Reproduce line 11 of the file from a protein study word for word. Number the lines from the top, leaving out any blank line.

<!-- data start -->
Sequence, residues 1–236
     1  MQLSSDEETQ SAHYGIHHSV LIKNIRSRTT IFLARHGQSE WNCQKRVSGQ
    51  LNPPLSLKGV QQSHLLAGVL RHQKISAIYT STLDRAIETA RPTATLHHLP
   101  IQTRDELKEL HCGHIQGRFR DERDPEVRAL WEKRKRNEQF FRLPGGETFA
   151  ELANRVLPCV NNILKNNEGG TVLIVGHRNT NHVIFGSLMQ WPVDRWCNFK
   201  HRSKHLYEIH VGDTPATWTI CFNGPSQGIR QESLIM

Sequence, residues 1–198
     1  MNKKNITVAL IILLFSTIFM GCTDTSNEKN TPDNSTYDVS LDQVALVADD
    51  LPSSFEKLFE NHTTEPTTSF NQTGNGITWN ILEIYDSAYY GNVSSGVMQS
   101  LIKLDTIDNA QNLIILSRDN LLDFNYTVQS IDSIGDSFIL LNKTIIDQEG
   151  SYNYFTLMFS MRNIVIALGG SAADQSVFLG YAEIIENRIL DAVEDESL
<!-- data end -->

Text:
   151  SYNYFTLMFS MRNIVIALGG SAADQSVFLG YAEIIENRIL DAVEDESL